JOHNS HOPKINS (US)—New computer software is sifting through hundreds of genetic mutations to highlight the ones most likely to promote cancer. Results will be posted online to assist researchers worldwide.
The goal of the engineers at Johns Hopkins University who wrote the code is to speed the work of researchers poring over numerous newly discovered mutations in DNA, many of which are harmless or have no connection to cancer. According to its inventors, the new software will enable these scientists to focus more attention on the mutations most likely to trigger tumors.
“It’s very expensive and time-consuming to test a huge number of gene mutations, trying to find the few that have a solid link to cancer,” says Rachel Karchin, an assistant professor of biomedical engineering who supervised the development of the computational sorting approach. “Our new screening system should dramatically speed up efforts to identify genetic cancer risk factors and help find new targets for cancer-fighting medications.”
The new computational method is called CHASM, short for Cancer-specific High-throughput Annotation of Somatic Mutations. A description of the method and details of a test using it on brain cancer DNA were published in the Aug. 15 issue of the journal Cancer Research.
The process focuses on missense mutations, protein sequences that possess single tiny variations from the normal pattern. A small percentage of these genetic errors inhibit proteins that suppress tumors or hyperactivate proteins that make it easier for tumors to grow, thereby allowing cancer to develop and spread. Finding these few genetic offenders can be difficult.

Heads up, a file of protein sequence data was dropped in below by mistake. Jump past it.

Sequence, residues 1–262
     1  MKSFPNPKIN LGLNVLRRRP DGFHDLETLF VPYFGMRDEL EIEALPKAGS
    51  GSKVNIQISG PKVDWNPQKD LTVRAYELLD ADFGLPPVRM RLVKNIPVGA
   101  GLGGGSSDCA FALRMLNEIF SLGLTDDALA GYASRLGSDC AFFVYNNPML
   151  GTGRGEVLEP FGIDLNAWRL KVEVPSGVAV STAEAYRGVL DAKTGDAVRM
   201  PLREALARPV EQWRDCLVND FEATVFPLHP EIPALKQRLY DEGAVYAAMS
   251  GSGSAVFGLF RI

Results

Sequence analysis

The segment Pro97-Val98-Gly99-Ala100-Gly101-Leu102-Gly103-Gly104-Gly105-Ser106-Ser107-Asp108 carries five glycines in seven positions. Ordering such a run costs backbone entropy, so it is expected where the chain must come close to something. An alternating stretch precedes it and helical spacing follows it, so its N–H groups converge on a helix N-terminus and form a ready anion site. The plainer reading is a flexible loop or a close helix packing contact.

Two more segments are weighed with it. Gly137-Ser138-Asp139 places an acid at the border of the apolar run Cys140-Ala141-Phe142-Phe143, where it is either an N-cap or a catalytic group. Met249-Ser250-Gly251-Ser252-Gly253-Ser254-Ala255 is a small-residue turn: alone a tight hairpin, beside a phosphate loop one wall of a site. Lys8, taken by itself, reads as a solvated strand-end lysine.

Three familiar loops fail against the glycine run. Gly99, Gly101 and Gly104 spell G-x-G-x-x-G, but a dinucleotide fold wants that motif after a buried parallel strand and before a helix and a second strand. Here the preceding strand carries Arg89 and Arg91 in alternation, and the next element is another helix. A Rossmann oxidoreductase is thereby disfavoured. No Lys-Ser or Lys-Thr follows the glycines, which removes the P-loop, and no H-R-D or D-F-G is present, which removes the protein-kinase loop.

The team first narrowed the field of about 600 potential brain cancer culprits using a computational method that would sort these mutations into “drivers” and “passengers.” Driver mutations initiate or promote the growth of tumors. Passenger mutations are present when a tumor forms but appear to play no role in its formation or growth. The passenger mutations, in other word, are only along for the ride.
The researchers used a machine-learning technique in which about 50 properties associated with cancer-causing mutations were given numerical values and programmed into the system. Karchin and Carter then employed a math technique called a Random Forest classifier to help separate and rank the drivers and the passengers.
In this step, 500 computational “decision trees” considered each mutation to decide whether it possessed the key characteristics associated with promoting cancer. Eventually, each “tree” cast a vote: Was the gene a driver or a passenger?
“It’s a little like the children’s game of ‘Guess Who,’ where you ask a series of yes or no questions to eliminate certain people until you narrow it down to a few remaining suspects,” says Carter, lead author of the Cancer Research paper. “In this case, the decision trees asked questions to figure out which mutations were most likely to be implicated in cancer.”
Karchin and Carter plan to post their system on the Web and will allow researchers worldwide to use it freely to prioritize their studies. Because different genetic characteristics are associated with different types of cancers, they says the method can easily be adapted to rank the mutations that may be linked to different forms of the disease, such as breast cancer or lung cancer.
Funding for the research was provided by the Susan G. Komen Foundation, the Virginia and D. K. Ludwig Fund for Cancer Research, and the National Institutes of Health.
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